I picked up some interesting information from a Sutton Trust report on schools and how they support able children and gifted children from disadvantaged backgrounds – some of the key findings are:
The research took into account student’s own reports of the amounts of homework being done and found a very strong relationship with success. Students who reported spending 2-3 hours daily on homework in Year 11were nine times more likely to get three A-levels than those who did no regular homework. The report suggests this is a good measure as it is likely to reflect not just student motivation, study skills and independence, but also the value schools put on encouraging students to work at home and parental attitudes and support.
Both these reports should encourage schools and school consortia or trusts to reflect on how effectively they assess the potential of all their students, but especially the most able students from disadvantaged backgrounds; how they subsequently challenge them appropriately through learning and extra-curricular activities; and how they provide feedback and support in order that they can make further progress. The Sutton Trust report argues that policy could also ensure schools have the extra support they need (through for example ‘enrichment vouchers’) to provide the additional extra-curricular and cultural activities that disadvantaged yet able students, particularly boys, need.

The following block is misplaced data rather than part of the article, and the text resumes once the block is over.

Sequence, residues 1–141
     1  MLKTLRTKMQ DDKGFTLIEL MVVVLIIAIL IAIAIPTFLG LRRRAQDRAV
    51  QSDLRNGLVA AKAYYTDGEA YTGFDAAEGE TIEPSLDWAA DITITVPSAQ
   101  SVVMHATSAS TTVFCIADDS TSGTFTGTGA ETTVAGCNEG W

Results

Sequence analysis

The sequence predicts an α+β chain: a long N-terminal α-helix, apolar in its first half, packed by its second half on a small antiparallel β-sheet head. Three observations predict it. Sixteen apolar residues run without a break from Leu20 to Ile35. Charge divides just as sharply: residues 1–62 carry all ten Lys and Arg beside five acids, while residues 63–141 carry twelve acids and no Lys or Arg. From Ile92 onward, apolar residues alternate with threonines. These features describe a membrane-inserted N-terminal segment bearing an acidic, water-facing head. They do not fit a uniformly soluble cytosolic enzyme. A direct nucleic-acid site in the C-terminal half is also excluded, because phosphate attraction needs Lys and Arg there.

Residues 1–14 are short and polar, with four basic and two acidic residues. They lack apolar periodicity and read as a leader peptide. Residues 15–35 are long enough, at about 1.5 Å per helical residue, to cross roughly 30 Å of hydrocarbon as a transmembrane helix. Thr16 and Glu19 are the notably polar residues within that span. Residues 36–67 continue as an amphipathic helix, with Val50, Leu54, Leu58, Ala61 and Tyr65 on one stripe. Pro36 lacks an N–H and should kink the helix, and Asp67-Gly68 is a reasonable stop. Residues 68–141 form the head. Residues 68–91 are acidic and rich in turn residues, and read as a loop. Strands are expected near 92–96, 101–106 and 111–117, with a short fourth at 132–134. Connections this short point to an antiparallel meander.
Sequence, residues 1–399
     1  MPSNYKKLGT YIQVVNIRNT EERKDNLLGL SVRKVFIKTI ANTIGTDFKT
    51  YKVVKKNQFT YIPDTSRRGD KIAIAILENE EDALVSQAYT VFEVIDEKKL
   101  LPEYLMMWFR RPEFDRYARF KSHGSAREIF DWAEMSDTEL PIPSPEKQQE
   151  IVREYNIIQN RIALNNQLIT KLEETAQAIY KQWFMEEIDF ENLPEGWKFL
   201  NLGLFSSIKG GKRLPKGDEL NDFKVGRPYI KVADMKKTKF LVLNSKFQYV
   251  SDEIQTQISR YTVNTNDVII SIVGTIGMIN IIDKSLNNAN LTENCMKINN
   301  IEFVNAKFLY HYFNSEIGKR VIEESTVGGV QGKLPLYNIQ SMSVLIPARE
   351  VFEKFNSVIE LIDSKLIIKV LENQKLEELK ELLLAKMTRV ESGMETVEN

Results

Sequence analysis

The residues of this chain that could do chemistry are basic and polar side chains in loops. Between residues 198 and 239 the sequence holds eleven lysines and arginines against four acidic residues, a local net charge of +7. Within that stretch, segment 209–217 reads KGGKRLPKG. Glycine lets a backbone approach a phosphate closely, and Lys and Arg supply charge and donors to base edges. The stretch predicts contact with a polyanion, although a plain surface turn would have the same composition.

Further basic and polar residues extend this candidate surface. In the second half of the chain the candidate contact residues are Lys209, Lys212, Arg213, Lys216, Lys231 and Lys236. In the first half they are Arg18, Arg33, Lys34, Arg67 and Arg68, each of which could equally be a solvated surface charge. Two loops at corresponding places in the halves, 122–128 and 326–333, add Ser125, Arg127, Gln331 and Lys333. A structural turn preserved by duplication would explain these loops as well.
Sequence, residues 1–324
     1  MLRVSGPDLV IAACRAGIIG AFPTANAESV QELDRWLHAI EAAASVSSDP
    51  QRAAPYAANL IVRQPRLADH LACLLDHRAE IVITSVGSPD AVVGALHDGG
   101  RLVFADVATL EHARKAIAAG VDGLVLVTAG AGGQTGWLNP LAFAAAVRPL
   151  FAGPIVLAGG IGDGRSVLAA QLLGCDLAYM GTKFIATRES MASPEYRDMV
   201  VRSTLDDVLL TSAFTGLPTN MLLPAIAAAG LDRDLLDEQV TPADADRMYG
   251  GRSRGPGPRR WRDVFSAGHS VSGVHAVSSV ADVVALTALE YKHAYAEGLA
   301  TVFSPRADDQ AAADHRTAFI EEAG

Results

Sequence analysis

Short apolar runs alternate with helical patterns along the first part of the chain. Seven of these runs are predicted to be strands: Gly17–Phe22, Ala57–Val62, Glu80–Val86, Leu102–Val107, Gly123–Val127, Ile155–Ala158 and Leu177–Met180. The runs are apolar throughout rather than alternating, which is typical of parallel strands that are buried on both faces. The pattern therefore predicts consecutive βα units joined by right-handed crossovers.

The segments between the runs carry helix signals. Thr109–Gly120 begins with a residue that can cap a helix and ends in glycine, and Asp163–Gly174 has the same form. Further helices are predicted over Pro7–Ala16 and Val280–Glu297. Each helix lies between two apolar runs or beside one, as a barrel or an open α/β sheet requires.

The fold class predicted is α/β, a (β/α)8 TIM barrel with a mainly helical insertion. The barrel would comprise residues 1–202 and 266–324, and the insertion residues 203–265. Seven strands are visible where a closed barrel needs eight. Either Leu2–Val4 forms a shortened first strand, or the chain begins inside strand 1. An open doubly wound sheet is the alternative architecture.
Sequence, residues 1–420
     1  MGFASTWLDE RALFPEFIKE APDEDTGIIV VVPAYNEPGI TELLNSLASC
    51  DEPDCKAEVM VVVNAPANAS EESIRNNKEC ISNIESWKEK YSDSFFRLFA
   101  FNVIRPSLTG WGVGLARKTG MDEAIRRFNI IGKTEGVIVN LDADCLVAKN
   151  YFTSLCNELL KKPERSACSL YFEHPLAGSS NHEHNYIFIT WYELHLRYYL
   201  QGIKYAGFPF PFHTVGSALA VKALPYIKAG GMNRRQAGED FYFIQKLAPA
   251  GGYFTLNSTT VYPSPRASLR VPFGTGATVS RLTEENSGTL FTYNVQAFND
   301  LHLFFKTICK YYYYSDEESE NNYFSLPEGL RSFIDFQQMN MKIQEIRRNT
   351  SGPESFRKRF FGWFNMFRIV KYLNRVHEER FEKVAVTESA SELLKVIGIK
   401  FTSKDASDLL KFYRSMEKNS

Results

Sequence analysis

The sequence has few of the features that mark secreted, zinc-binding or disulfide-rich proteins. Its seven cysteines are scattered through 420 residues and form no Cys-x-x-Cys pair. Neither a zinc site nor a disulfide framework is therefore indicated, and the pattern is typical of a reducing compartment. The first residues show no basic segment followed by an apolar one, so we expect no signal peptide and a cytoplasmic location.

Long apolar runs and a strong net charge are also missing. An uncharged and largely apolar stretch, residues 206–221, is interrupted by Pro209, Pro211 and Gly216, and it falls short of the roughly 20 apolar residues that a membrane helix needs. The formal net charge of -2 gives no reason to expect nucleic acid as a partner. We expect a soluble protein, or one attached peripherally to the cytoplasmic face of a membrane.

Bright but disadvantaged students obtained significantly better GCSE results when they had engaged in quality out of school academic enrichment activities such as educational outings or reading at home. Students who reported a more positive experience of secondary school also had better examination results. This better experience might be in terms of (a) a high emphasis on learning (b) the head teacher being around and involved in the school’s activities (c) students feeling valued, and (d) relationships between students and teachers that they saw as trusting, respectful and fair.
In summary children need better support in the transition between primary and secondary schools and extra curricular work is key to supporting children’s development so that they can realise full potential. All this requires resource and ££££ – tricky with a Givernment hell bent on further cuts.
This blog is for UNICEF.
Thanks for reading.